Phonological markers of sentence stress in ataxic dysarthria and their relationship to perceptual cues

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6 Citations (Scopus)

Abstract

A wide range of literature is available on the features of ataxic dysarthria, investigating segmental and prosodic characteristics by acoustic and perceptual means. However, very few studies have been published that look closely at the relationship between the observed phonetic disturbances and their perceptual sequelae, particularly in the area of prosody. The aim of the current study was therefore to examine the stress production of eight individuals with ataxic dysarthria and matched healthy controls, and to relate the results of phonological and perceptual evaluations to phonetic performances to better understand the relationship between these three components for speech outcomes.

Speakers performed a sentence stress task which was analysed phonologically in terms of inventory, distribution, implementation and function of pitch accentuation. These data were then evaluated in relation to previously published phonetic and perceptual results on the same speaker group by the authors. Results indicated that the speakers with ataxia used a wide range of pitch patterns, but pitch-accented a higher number of words, and produced shorter phrases. The increased number of pitch accents per phrase was furthermore reflected in a reduced percentage of de-accented words in post-focal position. Perceptual results established this pattern as the main cause for listener errors in identifying the intended stressed item in an utterance. In addition, the performances of two speakers are discussed in greater detail. Although they were unable to de-accent, they nevertheless marked stress appropriately through phonetic compensatory strategies.
LanguageEnglish
Pages8-18
Number of pages11
JournalJournal of Communication Disorders
Volume50
Early online date12 Apr 2014
DOIs
Publication statusPublished - Jul 2014

Fingerprint

Dysarthria
Phonetics
phonetics
Cues
Sodium Glutamate
Ataxia
Acoustics
listener
acoustics
performance
Equipment and Supplies
cause
evaluation
Group

Keywords

  • ataxic dysarthiria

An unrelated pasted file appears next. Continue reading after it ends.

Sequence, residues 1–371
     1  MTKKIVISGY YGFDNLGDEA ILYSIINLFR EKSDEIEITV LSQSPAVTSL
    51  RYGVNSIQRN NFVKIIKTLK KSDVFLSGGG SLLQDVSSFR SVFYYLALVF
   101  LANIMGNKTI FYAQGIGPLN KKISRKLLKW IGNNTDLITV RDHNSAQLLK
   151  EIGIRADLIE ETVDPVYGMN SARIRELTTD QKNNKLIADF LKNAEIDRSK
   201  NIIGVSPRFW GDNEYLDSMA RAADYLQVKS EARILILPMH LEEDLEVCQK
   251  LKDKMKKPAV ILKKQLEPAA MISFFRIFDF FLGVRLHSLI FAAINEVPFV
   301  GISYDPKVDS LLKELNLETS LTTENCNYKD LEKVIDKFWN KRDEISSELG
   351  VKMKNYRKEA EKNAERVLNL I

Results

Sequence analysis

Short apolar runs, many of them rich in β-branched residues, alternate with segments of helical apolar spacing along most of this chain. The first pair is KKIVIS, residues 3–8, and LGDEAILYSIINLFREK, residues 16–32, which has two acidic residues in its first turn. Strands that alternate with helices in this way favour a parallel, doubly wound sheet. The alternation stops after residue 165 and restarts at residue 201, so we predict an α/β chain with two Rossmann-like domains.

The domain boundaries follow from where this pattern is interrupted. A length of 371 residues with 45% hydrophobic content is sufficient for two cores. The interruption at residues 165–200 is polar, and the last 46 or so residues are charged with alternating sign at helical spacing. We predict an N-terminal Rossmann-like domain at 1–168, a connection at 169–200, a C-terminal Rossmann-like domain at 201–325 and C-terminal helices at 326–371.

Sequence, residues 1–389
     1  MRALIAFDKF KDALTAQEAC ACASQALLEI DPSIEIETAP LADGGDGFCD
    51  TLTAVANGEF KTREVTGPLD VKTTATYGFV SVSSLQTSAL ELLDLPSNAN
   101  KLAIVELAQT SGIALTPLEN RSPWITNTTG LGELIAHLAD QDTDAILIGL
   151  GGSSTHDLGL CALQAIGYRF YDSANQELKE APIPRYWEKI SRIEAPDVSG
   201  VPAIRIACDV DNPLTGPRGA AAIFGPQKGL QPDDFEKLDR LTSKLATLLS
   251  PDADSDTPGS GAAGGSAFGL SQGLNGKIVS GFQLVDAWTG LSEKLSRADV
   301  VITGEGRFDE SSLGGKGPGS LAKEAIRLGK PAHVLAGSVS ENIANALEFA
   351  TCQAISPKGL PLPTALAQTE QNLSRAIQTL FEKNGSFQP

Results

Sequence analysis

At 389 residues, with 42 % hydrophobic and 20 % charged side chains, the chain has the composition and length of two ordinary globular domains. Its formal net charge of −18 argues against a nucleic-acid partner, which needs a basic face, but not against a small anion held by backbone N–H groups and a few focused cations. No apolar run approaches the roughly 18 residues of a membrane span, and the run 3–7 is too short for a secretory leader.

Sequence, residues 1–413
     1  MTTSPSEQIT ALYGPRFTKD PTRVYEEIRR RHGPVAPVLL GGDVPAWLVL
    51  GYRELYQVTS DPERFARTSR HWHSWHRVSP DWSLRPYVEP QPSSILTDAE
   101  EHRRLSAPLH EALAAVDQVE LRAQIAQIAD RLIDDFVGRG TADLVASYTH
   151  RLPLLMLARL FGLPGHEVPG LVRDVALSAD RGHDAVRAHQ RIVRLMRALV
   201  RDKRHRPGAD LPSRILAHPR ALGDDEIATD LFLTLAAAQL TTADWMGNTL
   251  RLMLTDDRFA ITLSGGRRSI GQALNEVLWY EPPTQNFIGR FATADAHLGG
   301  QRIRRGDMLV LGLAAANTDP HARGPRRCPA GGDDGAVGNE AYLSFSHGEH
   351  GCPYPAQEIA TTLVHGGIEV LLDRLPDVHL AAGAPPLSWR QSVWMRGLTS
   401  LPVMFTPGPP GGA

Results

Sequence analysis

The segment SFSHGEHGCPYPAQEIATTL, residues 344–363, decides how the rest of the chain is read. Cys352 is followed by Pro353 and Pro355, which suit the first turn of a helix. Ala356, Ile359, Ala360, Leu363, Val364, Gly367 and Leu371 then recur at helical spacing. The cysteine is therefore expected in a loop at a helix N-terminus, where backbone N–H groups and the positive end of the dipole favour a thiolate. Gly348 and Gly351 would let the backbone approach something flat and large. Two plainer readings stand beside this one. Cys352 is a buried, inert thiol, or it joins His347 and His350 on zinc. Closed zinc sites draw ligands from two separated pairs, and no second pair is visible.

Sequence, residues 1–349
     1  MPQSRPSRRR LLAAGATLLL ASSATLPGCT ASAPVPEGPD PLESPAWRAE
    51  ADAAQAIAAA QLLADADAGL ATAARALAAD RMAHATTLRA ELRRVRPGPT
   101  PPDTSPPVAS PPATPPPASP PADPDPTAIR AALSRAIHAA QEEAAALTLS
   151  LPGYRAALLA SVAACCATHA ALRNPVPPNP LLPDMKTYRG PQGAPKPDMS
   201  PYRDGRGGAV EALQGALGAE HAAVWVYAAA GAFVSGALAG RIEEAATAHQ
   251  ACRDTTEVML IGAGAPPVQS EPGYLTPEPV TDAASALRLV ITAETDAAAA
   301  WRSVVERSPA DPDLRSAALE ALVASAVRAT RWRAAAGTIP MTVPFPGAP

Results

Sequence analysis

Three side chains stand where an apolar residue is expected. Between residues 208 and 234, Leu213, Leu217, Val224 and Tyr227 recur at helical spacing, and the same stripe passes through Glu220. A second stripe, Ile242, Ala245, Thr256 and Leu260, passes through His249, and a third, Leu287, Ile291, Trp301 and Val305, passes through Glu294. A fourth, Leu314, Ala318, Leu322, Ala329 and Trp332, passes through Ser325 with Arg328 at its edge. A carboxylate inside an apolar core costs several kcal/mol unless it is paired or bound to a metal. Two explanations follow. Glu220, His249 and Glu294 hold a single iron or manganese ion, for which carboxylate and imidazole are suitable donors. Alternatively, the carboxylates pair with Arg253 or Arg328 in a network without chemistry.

• stress
  • intonation
  • phonology
  • phonetics

Cite this

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title = "Phonological markers of sentence stress in ataxic dysarthria and their relationship to perceptual cues",
abstract = "A wide range of literature is available on the features of ataxic dysarthria, investigating segmental and prosodic characteristics by acoustic and perceptual means. However, very few studies have been published that look closely at the relationship between the observed phonetic disturbances and their perceptual sequelae, particularly in the area of prosody. The aim of the current study was therefore to examine the stress production of eight individuals with ataxic dysarthria and matched healthy controls, and to relate the results of phonological and perceptual evaluations to phonetic performances to better understand the relationship between these three components for speech outcomes.Speakers performed a sentence stress task which was analysed phonologically in terms of inventory, distribution, implementation and function of pitch accentuation. These data were then evaluated in relation to previously published phonetic and perceptual results on the same speaker group by the authors. Results indicated that the speakers with ataxia used a wide range of pitch patterns, but pitch-accented a higher number of words, and produced shorter phrases. The increased number of pitch accents per phrase was furthermore reflected in a reduced percentage of de-accented words in post-focal position. Perceptual results established this pattern as the main cause for listener errors in identifying the intended stressed item in an utterance. In addition, the performances of two speakers are discussed in greater detail. Although they were unable to de-accent, they nevertheless marked stress appropriately through phonetic compensatory strategies.",
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author = "Anja Lowit and Anja Kuschmann and Kimberley Kavanagh",
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